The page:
In her wondrous “Timefulness: How Thinking Like a Geologist Can Help Save the World,” geologist Marcia Bjornerud educated me on the scaling of Earth’s 4.5 billion years of existence. I read it during a time of inner turmoil, a time of weighing desk work against activism, a period crushed by competing projects. Bjornerud pierced my intensity with passionate prose and jewels of knowledge. For example, check out the table extract above. I was fascinated by the “residence time” of water, that is, how long it stays in a given place. In the atmosphere, it’s only nine days (really? water typically zaps in and out of our air over only nine days?), in rivers it’s two to six months, in glaciers it’s way over 100,000 years.
And this: we’re not only altering our home planet through carbon emissions, the scale of our impacts is huge in more prosaic ways:
The coal-mining practice of “mountaintop removal”—a deceptively surgical term—moves volumes of rock that rival the largest natural disasters. … Worldwide, humans now move more rock and sediment, both intentionally through activities like mining, and unintentionally by accelerating erosion through agriculture and urbanization, than all of Earth’s rivers combined. It can no longer be assumed that geographic features reflect the work of geologic processes.
A birder’s reading delight, ornithologist Bruce Beehler’s “North on the Wing: Travels with the Songbird Migration of Spring” savours his 2015 four-month odyssey from southernmost U.S.A. to blighted woods deep in Ontario. I sipped the book, treasuring a rare look at the world through a naturalist’s honed eyes. Beehler was chasing thirty-seven species of warbler (amongst other more general aims) but I watched out for his sightings of my bird of interest, the Sandhill Crane. Let me extract them here:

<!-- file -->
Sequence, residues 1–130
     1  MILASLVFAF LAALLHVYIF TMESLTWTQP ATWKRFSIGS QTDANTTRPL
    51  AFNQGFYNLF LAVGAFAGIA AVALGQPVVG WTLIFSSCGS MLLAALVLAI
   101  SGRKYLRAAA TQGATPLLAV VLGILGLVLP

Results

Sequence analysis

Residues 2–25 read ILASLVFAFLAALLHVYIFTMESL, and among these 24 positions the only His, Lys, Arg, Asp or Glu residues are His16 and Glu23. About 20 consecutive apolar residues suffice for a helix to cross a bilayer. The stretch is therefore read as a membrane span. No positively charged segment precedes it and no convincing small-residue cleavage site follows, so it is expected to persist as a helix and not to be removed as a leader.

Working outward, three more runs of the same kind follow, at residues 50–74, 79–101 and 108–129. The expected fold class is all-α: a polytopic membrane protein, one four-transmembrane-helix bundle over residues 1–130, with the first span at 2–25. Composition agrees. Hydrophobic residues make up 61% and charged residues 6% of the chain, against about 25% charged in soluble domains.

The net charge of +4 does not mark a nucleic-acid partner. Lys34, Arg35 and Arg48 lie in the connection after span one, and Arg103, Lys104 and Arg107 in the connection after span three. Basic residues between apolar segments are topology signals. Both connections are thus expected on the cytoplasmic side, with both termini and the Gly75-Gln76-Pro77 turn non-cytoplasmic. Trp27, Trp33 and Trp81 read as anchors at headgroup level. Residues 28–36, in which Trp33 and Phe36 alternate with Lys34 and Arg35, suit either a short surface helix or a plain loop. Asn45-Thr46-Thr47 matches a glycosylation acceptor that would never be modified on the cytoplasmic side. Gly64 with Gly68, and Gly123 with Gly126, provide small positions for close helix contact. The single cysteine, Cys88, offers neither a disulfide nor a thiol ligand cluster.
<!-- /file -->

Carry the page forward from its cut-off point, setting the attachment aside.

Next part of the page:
Autumn migration here is famous for its Bald Eagles, Sandhill Cranes, and many species of waterfowl. … Standing on a dike cloaked in early-morning mist, I listened to abundant birdsong. Cranes were bugling. … At 8: 20 p.m., two Sandhill Cranes bugled. … Then a statuesque Sandhill Crane posed for me, allowing me to photograph him from various angles.
The three-hour drive from Duluth was punctuated by a close encounter with a Sandhill Crane family foraging at the very edge of the highway. In front of me, a large truck roared by the group, and its slipstream toppled the two rusty-colored and fuzzy young into a grassy ditch. The parent cranes appeared nonchalant about this.
Day after day I hunted the tall, bog-fringing spruces … A few pairs of tannin-stained Sandhill Cranes nested in some of the larger boglands, and their bugling sounded in the distance from time to time. This haunting voice, heard mainly at a far remove, is the song of the wild.